When you live off grid, and off road, maintenance matters! There is no way to quickly take something to the shop if it goes out, so keeping equipment in prime working condition is a must. Kyle and I realized how much it sucks to loose things we use often when our generator went kaput last week. We went without it for a bit while having it serviced, which wasn’t to bad, but it wasn’t ideal as the generator is needed for running our cell phone booster so we can call out in an emergency. Not to mention I need the generator on if I want to Youtube how to fix it!
The good thing about this whole situation is Kyle re-read the manual and found out we weren’t changing the oil often enough! We also realized how important it is to know everything possible about your tools and equipment. Luckily I have done a lot of engine trouble shooting with my dad, as we both have a penchant for cheap craigslist cars (thanks to Dad I can also keep a car running with electrical tape and bungee cords, go me!). I was right on about what was wrong with the generator (water in the gas) and I did try to fix it before we took it in, but the water actually in our gas cans so there was nothing to be done at home for it anyway. I did find out they make a cool funnel with a water/gas filter that won’t let water into your engines. So now we will use that for all of our stored fuel use.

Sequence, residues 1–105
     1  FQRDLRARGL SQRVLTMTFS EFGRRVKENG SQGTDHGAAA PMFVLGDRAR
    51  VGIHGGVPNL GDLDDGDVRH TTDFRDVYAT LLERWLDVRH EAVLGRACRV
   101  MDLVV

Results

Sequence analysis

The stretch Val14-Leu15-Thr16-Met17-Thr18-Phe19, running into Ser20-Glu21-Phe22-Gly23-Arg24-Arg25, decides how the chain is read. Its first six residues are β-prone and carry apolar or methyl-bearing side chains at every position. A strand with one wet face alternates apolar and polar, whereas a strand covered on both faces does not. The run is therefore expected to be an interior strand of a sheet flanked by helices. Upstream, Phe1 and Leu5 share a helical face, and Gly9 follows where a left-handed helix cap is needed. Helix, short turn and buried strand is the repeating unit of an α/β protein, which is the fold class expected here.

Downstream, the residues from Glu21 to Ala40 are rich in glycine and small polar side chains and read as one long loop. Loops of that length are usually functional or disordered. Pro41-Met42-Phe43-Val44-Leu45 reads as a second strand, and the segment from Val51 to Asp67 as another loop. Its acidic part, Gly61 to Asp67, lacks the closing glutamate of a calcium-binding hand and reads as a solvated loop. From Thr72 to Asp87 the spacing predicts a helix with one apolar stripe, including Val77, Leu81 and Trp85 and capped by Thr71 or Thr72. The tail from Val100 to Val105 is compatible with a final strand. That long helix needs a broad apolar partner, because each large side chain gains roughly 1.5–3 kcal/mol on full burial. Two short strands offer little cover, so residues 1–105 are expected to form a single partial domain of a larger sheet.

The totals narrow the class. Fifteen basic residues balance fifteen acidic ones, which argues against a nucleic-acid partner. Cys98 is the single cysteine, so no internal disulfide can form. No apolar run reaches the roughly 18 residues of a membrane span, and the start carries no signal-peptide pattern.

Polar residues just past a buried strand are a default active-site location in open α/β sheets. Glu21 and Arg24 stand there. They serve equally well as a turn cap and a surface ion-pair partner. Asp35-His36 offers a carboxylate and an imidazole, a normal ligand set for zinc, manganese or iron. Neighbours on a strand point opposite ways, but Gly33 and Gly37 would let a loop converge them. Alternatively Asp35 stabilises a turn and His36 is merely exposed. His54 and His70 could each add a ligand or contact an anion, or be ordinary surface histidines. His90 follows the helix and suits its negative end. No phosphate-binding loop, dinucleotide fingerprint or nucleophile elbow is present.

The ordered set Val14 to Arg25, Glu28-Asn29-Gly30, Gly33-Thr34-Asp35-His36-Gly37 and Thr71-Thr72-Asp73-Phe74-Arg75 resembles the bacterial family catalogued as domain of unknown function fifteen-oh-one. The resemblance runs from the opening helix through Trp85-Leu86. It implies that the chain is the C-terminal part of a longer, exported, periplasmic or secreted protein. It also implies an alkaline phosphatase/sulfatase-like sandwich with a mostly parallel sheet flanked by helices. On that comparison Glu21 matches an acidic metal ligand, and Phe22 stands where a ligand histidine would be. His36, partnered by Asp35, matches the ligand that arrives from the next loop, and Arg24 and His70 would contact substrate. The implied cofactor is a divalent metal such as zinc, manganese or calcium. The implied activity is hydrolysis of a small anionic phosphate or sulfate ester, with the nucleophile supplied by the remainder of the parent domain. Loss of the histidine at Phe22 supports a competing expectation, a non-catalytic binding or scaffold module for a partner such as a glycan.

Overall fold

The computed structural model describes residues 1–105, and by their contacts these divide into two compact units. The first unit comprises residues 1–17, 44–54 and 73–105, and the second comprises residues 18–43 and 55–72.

Turns out fuel needs maintenance as well if you store it. I thought it’d be fine as long as it was in a plastic fuel container, but apparently those leech water into them, especially with ethanol mixed fuel! So now we are using a stabilizer/engine cleaner and adding it to our gas right at the gas station.
This situation also pushed us to look at our other tools and pay a little closer attention to what is running less than optimal and how we can fix it. Being off grid isn’t easy on our equipment. We’ve put over 1,000 miles on our 4 wheeler since we purchased it, and broken it twice (first the drive shaft, then the bearings when I wrecked it). The chainsaw gets the most regular attention, but now we’ve put aside some time to change the fluids in everything and are keeping track of maintenance on a calendar.
Hopefully our next homestead lesson will be this easy as well!